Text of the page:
Vladimir Lvovich Burtsev

The following article is from The Great Soviet Encyclopedia (1979). It might be outdated or ideologically biased.

Burtsev, Vladimir L’vovich


Born 1862; died 1942. Russian publicist and publisher; member of the People’s Will in the 1880’s. He was close to the Socialist Revolutionaries and later to the Cadets. Born in the city of Fort-Aleksandrovskii.

In 1885, Burtsev was arrested and exiled to Siberia; in 1888 he fled abroad, where he published the magazines Svobodnaia Rossiia (Free Russia; 1889) and Narodovolets (People’s Will Member; in the 1890’s) in London and Geneva. In 1900, Burtsev began to publish the magazine Byloe (The Past). In 1905 he returned to Russia, and in 1906 he continued to publish Byloe in St. Petersburg. He went abroad again in 1907.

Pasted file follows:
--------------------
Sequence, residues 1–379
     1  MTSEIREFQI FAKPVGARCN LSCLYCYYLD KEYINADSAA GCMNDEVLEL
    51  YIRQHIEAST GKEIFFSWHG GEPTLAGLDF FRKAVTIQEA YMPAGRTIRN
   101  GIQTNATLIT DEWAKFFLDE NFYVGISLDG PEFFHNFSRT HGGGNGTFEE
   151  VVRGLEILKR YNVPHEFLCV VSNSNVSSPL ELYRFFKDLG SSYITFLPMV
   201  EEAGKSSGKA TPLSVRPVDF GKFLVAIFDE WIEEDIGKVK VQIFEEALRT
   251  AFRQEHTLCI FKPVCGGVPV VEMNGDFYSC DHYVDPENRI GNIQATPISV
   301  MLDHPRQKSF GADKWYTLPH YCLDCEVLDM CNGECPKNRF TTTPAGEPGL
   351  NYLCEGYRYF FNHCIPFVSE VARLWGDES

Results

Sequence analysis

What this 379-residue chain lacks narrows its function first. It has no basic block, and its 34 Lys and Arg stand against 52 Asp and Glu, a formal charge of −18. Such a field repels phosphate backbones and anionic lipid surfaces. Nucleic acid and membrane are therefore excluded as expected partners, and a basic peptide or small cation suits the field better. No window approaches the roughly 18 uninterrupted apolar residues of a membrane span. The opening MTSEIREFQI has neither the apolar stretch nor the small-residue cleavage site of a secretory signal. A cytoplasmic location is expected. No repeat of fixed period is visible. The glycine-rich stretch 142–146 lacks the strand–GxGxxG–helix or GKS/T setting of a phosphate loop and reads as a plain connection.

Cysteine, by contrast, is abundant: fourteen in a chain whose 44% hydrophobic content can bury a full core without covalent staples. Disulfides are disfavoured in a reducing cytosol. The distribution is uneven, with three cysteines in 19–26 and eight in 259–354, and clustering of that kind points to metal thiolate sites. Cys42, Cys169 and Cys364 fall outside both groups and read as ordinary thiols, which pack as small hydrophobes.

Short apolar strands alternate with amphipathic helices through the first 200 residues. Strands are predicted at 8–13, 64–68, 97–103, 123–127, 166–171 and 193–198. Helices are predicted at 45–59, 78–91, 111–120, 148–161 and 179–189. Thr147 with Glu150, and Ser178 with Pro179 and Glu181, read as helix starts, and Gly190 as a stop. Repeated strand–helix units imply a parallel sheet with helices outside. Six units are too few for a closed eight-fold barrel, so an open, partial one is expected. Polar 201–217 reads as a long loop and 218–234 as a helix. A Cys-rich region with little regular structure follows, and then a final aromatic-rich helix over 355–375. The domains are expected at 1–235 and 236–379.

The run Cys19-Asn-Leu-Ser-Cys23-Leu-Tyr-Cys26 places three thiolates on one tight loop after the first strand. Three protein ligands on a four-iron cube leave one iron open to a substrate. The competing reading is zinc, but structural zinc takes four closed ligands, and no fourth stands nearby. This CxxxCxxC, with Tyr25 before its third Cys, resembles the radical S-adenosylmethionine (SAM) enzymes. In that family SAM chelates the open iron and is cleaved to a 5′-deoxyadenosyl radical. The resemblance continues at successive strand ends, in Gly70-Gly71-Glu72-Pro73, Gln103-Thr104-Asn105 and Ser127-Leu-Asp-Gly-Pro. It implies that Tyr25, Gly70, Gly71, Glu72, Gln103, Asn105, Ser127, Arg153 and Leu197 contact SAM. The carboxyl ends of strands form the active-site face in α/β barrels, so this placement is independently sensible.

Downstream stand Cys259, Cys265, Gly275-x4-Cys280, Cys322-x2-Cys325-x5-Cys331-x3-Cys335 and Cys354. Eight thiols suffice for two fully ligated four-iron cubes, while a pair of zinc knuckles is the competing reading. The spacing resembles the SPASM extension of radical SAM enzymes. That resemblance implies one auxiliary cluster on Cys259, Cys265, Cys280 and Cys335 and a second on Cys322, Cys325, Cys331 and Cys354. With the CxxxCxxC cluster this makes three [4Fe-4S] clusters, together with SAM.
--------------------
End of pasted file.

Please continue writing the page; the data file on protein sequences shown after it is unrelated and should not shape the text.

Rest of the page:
Burtsev gained fame with his exposure of the pro-vocateurs of the Okhranka (tsarist secret police) who operated in Russia and abroad, specifically E. F. Azef and R. V. Malinovskii. From 1911 to 1914 he published the newspaper Budushchee (The Future) in Paris. In 1915 he returned to Russia. After the February Revolution in 1917 he began to publish the counterrevolutionary newspaper Obshchee delo (Common Cause); he subsequently transferred its publication to Paris. As a White émigré, Burtsev participated in the creation in Paris in 1921 of the anti-Soviet “National Committee” to unify the forces of counterrevolution in the struggle against the Soviet state.

The Great Soviet Encyclopedia, 3rd Edition (1970-1979). © 2010 The Gale Group, Inc. All rights reserved.